Wednesday, July 21, 2010

I'm Leaving on a Jet Plane....

Just a heads up, I am leaving for 2 1/2 weeks so I won't be posting anything until I get home.  Hopefully, I will be able to post something along the way but I never know.

I'll catch you up after August 9th.  Don't miss me too much!!!!  My friend Kim and I are going to be attending classes at Oxford University and also visiting Belgium.  So excited!!!  Later!
Here I come!!!!

Tuesday, July 20, 2010

Don't You Just Love Great Mystery???

Maisie Dobbs is a private investigator in post WWI London. In the seventh book of the Maisie Dobbs series entitled “The Mapping of Love and Death”, the author Jacqueline Winspear, I feel, recaptured some of the spark that seemed to be lost in the 2 previous books of the series. Although books 5 and 6 were good to read, I just didn’t like them as much as the first four.

This book opens with a prologue chapter that starts in 1914, when Michael Clifton learns of the war in Europe starting while he had been in California surveying some property he had just purchased. He immediately sets off for England instead of returning home to Boston and his family, to fight in the war. He felt an allegiance due to the fact that his father had emigrated from England as a young man.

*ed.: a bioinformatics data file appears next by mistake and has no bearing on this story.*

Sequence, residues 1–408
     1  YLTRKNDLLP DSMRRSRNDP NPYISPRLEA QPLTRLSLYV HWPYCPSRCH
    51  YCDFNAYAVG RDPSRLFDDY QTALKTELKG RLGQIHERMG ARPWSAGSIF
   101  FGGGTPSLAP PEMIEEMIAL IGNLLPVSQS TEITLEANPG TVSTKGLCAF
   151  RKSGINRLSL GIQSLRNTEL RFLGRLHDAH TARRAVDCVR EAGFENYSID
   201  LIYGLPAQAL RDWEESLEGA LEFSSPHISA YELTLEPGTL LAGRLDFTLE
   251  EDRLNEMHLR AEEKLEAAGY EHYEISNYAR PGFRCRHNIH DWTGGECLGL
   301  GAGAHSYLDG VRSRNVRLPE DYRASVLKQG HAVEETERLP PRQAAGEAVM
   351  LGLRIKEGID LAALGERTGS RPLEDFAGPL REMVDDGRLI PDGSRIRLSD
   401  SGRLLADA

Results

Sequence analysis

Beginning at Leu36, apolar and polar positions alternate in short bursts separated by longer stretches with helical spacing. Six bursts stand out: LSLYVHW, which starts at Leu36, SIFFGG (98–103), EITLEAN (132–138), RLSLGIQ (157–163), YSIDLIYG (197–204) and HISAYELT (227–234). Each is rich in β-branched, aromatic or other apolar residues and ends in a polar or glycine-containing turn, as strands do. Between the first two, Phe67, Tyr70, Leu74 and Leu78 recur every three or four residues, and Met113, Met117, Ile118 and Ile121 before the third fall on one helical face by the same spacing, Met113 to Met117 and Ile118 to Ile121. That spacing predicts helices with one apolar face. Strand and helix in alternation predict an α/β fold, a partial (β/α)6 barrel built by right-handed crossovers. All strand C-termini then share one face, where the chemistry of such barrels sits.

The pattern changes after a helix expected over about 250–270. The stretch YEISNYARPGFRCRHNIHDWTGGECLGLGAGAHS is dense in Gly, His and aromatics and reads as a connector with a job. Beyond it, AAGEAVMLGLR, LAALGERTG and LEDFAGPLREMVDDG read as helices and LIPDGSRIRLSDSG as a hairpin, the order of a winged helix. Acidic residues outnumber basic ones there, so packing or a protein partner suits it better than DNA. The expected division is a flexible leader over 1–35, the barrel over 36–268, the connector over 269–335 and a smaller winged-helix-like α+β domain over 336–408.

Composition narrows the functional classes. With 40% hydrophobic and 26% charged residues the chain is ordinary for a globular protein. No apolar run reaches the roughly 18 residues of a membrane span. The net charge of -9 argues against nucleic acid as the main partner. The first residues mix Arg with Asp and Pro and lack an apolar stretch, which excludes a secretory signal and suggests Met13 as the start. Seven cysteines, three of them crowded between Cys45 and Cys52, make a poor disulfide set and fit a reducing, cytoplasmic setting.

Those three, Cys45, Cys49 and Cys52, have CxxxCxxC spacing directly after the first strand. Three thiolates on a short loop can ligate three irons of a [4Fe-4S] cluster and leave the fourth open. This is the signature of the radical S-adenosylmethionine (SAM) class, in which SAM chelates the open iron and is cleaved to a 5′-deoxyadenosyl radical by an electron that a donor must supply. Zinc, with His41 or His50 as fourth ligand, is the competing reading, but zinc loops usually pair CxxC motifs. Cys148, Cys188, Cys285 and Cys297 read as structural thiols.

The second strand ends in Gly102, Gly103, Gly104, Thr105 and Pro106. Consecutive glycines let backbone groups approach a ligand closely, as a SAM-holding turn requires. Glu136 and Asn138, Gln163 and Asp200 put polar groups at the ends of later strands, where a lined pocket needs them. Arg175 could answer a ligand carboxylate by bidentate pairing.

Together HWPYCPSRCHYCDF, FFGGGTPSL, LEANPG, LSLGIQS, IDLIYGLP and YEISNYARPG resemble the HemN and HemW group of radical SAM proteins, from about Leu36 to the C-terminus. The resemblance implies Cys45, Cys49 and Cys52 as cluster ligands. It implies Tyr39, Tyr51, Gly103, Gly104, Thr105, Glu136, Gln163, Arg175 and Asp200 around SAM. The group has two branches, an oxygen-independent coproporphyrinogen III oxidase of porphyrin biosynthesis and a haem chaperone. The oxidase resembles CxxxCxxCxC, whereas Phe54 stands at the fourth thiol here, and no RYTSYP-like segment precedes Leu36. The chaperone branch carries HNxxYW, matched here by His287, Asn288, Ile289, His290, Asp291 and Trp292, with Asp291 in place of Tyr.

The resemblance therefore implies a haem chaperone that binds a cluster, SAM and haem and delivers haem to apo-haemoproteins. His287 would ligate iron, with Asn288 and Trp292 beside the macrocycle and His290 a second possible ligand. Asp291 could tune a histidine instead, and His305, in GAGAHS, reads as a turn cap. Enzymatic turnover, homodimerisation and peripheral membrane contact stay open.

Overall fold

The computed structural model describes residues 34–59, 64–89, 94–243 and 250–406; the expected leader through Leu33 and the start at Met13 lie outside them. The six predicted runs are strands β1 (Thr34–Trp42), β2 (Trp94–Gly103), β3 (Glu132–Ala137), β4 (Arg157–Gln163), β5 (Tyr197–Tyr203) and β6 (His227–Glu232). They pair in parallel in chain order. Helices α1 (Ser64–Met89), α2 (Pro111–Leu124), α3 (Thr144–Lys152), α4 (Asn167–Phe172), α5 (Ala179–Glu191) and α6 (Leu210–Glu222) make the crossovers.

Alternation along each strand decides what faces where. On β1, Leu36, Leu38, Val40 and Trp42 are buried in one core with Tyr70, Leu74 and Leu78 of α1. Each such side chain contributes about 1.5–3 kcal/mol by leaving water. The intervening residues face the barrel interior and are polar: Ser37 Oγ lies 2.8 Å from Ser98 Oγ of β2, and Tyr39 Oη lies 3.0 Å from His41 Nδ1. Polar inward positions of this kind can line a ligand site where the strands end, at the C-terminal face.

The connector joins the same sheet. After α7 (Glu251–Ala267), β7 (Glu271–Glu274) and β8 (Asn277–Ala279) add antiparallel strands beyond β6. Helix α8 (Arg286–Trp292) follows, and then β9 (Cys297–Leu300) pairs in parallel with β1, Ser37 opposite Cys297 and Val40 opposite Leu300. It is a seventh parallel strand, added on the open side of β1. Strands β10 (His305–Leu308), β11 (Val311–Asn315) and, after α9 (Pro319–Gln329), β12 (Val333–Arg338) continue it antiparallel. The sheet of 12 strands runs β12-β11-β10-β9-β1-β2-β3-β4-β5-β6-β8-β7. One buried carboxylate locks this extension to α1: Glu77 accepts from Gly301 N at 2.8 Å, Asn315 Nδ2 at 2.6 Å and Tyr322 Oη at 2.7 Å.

Chapter one jumps us to present day, which is April 1932. Maisie, who has now been in business for herself for a few years, and her associate, Billy, are keeping busy with various cases. She has just received a letter from a doctor she had met and worked with as a nurse during the War several years previously. Dr. Hayden is informing her that he had referred an elderly couple he knew from Boston to look her up in order to investigate the death of their son Michael Clifton, who they had believed had been killed during the war, but now further evidence had surfaced that suggests he may have been murdered instead. Maisie has the tough job of trying to solve a 17 year old murder mystery without too much evidence, but being the Amazing sleuth that she is, she does get to the answer and also finds other answers to other problems along the way. One warning, there is a sad goodbye to a main character in this one that has been in all of the books, but it is ok.